Wild newcomer Cooke working to change his bad-boy image

  • Article by: MICHAEL RUSSO , Star Tribune
  • Updated: September 17, 2013 - 12:37 PM

A villain through much of his career, Matt Cooke changed his ways to change his image.

hide

New Minnesota Wild arrival Matt Cooke met the local media Wednesday and modeled his jersey #24 that was previously worn by Derek Boogaard. (MARLIN LEVISON/STARTRIBUNE(mlevison@startribune.com

Ray Shero looked down at his buzzing smartphone and saw a concise message from NHL executive Colin Campbell.

“It said only, ‘My office, 11 o’clock tomorrow,’ … and I didn’t have to ask what it was about or who it was about,” the Pittsburgh Penguins general manager said.

Matt Cooke was being summoned to Toronto. It was March 20, 2011, and moments before that e-mail arrived, the NHL’s poster child for controversial hits messed up again. Six weeks after serving a four-game suspension for hitting Columbus’ Fedor Tyutin from behind, Cooke struck the Rangers’ Ryan McDonagh in the chin with an elbow during a nationally televised game.

After years of issuing dirty hits in a league that was trying to reduce dangerous head shots, Cooke knew he opened the door for the league to make a statement.

As the hearing began, Cooke’s agent, Pat Morris, started to, as Cooke recalls, “pump my tires.”

He was a devoted husband to Michelle and father of Gabby, Reece and Jackson. He was philanthropic, starting the Cooke Family Foundation of Hope to benefit underprivileged women and children after the death of a niece at 38 weeks. He traveled to Haiti on humanitarian missions, doing countless other good deeds away from the public eye.

Cooke interrupted his loyal agent.

“I defended every suspension up to that point, every [questionable] hit: ‘I didn’t do it. I meant to do this. It wouldn’t have happened if …,’ ” Cooke said. “This one? No. The opinion of the game has changed, and I was trying to change within it. And I screwed up.

“I said to Colie, ‘My intentions were not to run him in the head. I can play over to you exactly how it happened, but at the end of the day, my elbow hit him in the head, I think we need to remove that from our game, so whatever you decide, I will accept.’ ”

A rap sheet

Cooke, who used to irritate Wild fans as an agitator on the rival Vancouver Canucks, signed a three-year, $7.5 million with the Wild on July 5. Overshadowed by Cooke’s list of infamous hits is that he is a veteran left winger who can score, kill penalties, skate and, of course, intimidate.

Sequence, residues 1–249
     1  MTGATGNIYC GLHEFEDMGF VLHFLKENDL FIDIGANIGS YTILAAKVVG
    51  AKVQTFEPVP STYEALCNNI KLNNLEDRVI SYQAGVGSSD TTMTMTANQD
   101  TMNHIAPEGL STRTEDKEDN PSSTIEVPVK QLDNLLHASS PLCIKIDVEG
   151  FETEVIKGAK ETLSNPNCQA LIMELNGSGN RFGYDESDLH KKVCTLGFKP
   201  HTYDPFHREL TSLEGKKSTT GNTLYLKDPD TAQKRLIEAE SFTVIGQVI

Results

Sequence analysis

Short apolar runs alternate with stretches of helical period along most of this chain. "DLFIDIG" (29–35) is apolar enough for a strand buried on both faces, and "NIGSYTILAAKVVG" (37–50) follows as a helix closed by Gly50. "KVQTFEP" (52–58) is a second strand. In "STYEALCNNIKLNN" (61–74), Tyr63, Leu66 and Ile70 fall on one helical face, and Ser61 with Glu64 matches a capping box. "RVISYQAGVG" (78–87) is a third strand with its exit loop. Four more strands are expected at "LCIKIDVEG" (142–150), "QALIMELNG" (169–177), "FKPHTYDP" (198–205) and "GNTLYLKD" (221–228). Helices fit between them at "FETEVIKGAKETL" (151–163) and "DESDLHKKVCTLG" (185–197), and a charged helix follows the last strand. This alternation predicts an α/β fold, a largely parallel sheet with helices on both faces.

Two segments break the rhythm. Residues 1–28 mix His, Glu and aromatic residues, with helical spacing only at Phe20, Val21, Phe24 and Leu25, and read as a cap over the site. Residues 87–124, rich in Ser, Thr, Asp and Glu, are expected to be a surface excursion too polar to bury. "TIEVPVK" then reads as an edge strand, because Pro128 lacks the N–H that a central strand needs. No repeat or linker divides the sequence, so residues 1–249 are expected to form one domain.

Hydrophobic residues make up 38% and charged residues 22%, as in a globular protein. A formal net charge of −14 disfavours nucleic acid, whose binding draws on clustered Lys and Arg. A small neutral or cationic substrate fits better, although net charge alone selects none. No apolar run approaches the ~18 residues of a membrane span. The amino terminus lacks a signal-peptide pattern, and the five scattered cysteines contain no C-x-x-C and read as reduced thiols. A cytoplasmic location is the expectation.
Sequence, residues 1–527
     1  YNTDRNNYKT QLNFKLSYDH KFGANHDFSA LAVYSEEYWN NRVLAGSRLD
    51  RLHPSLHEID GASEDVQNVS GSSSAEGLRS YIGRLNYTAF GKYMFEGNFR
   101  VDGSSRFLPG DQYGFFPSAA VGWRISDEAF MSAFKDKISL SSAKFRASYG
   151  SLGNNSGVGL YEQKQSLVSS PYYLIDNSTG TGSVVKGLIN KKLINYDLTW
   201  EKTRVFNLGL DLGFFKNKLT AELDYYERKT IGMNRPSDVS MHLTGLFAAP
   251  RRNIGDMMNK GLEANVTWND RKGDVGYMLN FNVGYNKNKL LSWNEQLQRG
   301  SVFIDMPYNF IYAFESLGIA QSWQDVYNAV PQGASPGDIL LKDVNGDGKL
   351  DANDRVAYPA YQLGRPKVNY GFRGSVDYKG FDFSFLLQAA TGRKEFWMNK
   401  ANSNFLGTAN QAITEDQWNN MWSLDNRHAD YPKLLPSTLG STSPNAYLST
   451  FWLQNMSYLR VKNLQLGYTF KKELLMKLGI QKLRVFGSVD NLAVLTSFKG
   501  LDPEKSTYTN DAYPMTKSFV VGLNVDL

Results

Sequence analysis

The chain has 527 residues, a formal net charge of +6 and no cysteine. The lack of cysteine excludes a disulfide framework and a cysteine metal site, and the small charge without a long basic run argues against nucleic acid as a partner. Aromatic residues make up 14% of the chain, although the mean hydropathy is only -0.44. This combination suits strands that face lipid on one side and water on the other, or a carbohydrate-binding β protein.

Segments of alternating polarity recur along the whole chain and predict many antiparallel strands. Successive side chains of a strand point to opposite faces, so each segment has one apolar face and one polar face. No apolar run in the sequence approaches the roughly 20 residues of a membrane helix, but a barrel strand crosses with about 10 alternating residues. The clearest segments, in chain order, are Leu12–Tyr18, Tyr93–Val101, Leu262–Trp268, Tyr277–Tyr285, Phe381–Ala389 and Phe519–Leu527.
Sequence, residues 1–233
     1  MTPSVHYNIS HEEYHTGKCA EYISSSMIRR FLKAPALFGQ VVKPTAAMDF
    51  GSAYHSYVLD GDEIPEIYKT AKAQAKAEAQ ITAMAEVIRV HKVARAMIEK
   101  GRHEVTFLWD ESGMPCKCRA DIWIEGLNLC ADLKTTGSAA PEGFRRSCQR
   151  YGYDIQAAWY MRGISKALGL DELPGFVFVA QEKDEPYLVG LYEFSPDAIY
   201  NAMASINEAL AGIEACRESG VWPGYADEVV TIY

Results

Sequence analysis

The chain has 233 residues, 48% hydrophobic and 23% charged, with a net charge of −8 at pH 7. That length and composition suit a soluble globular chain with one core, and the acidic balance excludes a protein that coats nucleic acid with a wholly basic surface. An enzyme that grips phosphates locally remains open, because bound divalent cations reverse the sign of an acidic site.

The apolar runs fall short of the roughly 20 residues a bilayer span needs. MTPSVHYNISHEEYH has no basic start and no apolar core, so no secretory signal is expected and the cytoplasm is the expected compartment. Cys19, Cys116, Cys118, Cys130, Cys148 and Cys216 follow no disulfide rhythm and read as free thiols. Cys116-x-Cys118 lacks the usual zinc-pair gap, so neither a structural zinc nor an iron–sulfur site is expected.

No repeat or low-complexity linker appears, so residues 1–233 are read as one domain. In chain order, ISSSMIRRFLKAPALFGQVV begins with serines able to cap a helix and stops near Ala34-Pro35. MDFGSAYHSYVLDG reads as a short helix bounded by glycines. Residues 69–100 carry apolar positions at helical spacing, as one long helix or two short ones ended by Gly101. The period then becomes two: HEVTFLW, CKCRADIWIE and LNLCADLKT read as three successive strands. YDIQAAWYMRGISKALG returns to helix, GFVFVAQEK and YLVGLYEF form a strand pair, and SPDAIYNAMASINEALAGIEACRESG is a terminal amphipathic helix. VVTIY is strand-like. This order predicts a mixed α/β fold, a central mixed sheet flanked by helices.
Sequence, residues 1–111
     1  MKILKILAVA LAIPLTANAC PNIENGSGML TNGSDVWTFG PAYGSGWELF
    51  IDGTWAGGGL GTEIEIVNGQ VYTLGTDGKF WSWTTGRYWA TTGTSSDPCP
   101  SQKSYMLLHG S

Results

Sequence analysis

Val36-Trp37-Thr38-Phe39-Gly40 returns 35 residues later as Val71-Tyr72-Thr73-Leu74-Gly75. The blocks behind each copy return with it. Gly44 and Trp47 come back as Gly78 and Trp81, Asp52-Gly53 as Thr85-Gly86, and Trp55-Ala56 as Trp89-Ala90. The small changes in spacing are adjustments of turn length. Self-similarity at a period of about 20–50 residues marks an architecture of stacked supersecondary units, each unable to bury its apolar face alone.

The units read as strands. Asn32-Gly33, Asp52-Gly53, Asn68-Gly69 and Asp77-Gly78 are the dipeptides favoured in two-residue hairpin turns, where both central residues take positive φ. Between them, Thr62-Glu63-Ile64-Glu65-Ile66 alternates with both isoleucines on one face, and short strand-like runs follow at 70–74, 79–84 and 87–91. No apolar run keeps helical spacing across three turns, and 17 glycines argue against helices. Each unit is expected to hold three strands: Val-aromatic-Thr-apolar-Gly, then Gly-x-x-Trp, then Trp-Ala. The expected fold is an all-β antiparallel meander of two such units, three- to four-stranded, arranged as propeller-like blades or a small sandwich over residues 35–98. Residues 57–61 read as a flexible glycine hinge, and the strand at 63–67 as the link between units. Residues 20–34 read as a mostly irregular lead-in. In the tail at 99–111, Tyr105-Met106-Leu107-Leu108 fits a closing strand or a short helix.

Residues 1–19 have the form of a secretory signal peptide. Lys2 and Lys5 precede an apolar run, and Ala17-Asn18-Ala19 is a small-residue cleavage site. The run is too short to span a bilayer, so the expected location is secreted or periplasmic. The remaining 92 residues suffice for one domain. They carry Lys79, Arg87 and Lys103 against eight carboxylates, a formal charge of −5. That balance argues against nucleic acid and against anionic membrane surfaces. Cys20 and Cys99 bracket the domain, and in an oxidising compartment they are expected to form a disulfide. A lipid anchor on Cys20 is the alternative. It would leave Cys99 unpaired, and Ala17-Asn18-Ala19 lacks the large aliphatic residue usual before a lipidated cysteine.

Wild GM Chuck Fletcher and coach Mike Yeo’s history with Cooke, 35, in Pittsburgh led to the signing.

“You know what you get from him every night,” Penguins defenseman Brooks Orpik said. “I think we’ll miss him more than some people think. Penalty kill, he’s capable of scoring 15 goals. He’s not a fun guy to play against. He can change the momentum of games.

“If you saw the way he played a few years ago with Jordan Staal and Tyler Kennedy, we had Sidney Crosby and Evgeni Malkin on our team, and at times that was our best line.”

The NHL wound up handing Cooke his sixth career suspension for the final 10 games of the 2010-11 season and the first round of the playoffs because of the McDonagh hit. The Penguins were eliminated by Tampa Bay in seven games.

During that time, Shero heard the outside chatter that it was time to dump Cooke. He met with owners Mario Lemieux and Ron Burkle.

“It always came back to, he won a Stanley Cup with us [in 2009] and had proved he can be an effective hockey player when he actually plays hockey,” Shero said. “I felt like I’m the one that signed him [twice]. For me to just wash my hands of him and make him somebody else’s problem wasn’t right.

“He knew it was his last chance. If he screwed up again, ‘You won’t be in the league, let alone Pittsburgh.’ ”

A wife in peril

At the time of the McDonagh incident, Cooke was dealing with weeks of stress. A day after the Winter Classic in January, his wife woke him up 3 a.m. seriously ill. She was hospitalized for the next 10 days.

Two days into it, Cooke was in Montreal when he got a call from the Penguins doctor to rush home. His wife was dying. A chaplain was called into the room to pray with their children.

A kidney stone one inch in diameter in Michelle’s left kidney lodged in her urethra.